It wasn’t really the end of the world, it was only New Zealand. Still, living somewhere in the southwestern Pacific Ocean, filming Z For Zachariah, a movie about life after a nuclear end of days, Chiwetel Ejiofor couldn’t help but consider how he himself would handle such circumstances. “That’s probably the worst thing imaginable,” the British-born actor says now. “The post-apocalyptic world is completely terrifying; I wouldn’t last five minutes.”
Considering the schedule Ejiofor keeps, you think he’d be grateful for the peace and quiet. In recent months, he’s been back and forth from Los Angeles to London—where he’s been starring in eight shows a week of Everyman at the National Theatre—he released Zachariah, and now he’s sitting in Manhattan over a plate of poached eggs and corned beef hash with only minutes to spare before he’s whisked off to a photo shoot. In the coming months, Ejiofor will play a NASA bigwig in Ridley Scott’s latest all-star, intergalactic romp, The Martian, as well as an FBI agent opposite Nicole Kidman and Julia Roberts in the Billy Ray-penned thriller Secret in Their Eyes. While the characters couldn’t be more different, the similarity among them that the 38 year old says he spots is a tendency toward obsession. It’s a quality Ejiofor can relate to.
“Outside of work, there isn’t much room for myself,” he says. “My passion is acting; it feels like it was what I was born to do.”
That much is on display in The Martian. Ejiofor commands the screen as the sharply dressed Venkat Kapoor, a space expert who’s tasked with helping to bring Damon’s character—an astronaut left behind on the Red Planet—back home. As a genius who finds himself flummoxed, Ejiofor gives a substantial, emotional performance and helps ground the outer-space adventure with some Earth-bound gravitas. And while he’s part of an impressive cast that includes Damon, Jessica Chastain, Kate Mara, Jeff Daniels and Donald Glover, among others, it turns out that working alongside such a respected group doesn’t always involve actually working alongside them.
“I haven’t seen Matt Damon for years,” he says with a laugh, noting that the film’s space scenes were shot in Jordan while those taking place on Earth were filmed in Hungary. “We had a lot of fun, but I didn’t see the space people at all.”
Of course one of the biggest draws for Ejiofor was working alongside someone entirely off-camera, director Ridley Scott. “This was a great story and an extraordinary director; this was a no brainer,” he says. “There are probably more complicated decision-making processes that I’ve been through with scripts, but this was just a real privilege and I was thrilled to get on board.”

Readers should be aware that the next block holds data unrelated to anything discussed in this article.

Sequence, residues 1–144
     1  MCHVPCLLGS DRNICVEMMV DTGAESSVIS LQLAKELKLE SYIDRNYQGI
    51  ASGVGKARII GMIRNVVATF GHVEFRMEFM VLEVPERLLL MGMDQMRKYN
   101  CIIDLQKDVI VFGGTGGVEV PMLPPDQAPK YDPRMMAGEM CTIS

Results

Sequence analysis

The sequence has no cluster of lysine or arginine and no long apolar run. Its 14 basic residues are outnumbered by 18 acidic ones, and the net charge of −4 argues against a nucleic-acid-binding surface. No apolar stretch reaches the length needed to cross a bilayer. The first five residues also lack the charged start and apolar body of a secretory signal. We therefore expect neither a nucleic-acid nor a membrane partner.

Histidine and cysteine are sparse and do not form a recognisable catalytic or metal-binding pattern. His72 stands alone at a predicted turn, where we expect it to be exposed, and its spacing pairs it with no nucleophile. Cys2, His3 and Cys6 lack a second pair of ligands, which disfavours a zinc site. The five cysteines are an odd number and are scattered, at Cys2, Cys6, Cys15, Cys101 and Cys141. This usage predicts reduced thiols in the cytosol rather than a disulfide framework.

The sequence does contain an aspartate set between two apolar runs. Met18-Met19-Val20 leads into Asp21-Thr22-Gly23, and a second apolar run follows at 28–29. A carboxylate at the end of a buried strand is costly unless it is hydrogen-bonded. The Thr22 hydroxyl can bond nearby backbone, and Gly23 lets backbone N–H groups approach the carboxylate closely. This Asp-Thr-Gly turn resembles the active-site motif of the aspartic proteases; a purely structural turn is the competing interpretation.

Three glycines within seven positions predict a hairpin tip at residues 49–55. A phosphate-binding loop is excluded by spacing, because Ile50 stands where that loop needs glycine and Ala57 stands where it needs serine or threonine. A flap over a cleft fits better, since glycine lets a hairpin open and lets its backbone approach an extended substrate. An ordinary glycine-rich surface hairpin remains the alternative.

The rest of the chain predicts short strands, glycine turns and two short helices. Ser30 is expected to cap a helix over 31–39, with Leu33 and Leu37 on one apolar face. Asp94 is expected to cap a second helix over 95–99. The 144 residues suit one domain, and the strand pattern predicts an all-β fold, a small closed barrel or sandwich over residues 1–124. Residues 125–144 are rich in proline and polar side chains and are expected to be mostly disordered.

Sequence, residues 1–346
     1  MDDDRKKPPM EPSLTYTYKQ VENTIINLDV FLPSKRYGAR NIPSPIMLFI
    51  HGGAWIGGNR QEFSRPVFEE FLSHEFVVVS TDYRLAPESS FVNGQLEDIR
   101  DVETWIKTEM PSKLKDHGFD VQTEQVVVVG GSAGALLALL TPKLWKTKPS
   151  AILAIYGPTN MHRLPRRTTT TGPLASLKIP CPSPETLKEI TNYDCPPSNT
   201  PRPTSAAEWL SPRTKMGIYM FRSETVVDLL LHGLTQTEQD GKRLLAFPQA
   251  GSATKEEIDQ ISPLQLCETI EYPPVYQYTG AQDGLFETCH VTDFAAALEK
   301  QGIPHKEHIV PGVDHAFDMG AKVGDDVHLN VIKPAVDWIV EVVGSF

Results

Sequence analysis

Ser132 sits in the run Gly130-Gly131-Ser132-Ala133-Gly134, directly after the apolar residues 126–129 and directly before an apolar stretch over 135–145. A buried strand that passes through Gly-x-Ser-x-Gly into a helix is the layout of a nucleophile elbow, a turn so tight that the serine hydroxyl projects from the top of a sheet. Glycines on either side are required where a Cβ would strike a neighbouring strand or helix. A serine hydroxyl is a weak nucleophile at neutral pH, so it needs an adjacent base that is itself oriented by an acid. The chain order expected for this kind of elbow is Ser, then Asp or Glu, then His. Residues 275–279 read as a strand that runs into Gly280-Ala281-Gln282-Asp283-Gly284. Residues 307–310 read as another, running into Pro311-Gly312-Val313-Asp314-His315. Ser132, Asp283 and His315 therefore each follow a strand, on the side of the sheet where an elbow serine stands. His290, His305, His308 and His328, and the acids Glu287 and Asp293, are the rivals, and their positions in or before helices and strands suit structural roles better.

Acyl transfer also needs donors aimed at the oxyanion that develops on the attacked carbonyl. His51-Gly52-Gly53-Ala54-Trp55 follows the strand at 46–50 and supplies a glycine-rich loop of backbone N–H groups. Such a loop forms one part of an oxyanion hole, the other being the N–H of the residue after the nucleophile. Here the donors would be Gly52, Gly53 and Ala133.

Thoughtful consideration has been apparent in plenty of Ejiofor’s most prominent roles over the years. He’s worked steadily since the early aughts, when he first made waves in films like Amistad and Dirty Pretty Things, though his star has been exceptionally ascendant in recent years thanks to parts like his Oscar-nominated, BAFTA-winning role in 12 Years A Slave and his Golden Globe-nominated turn in the BBC drama Dancing on the Edge. To hear his colleagues tell it, Ejiofor’s not only a prolific actor but also one who’s apparently a pleasure to be around.
“The thing about Chiwetel,” says Zachariah director Craig Zobel, “is that he elevates everything he does. He wasn’t just an actor, he felt like a partner in making this movie.”
Zobel’s quick to add that their bond wasn’t broken when the cameras turned off. “You never see it in the movie, but we happened to be right by a beach,” the director explains. “So pretty much every weekend, someone would organize a crazy costume party and all of us got roaringly drunk. Somewhere there are pictures of all of us in togas, but everybody was having a good time making the movie, and I feel like you can see that.”
And while Ejiofor insists his own brand of fun is a bit lower key—he admits to a recent birthday spent at Wimbledon but otherwise claims home-renovation as his most cherished pastime—there’s no denying the spark he shows when he talks about his craft.
“Doing this play at the moment in London at the National Theatre, someone was asking me if ever got bored by it,” he says. “That was such a funny thing to me because there are 1,200 new people every day coming to see the story. It’s really very exciting.”
And while that excitement should continue through Ejiofor’s hot streak of current projects and through his still-secret role in Marvel’s 2016 big-screen adaptation of Doctor Strange, Ejiofor insists he doesn’t have any great blueprint of how his career will continue to unfold.
“There is no overall plan,” he says. “The idea is to do good work and to try and be as good in that work as I can be. I’ll just see where that takes me.”
At this particular moment, it’s up and out the door, rushing off to his next engagement.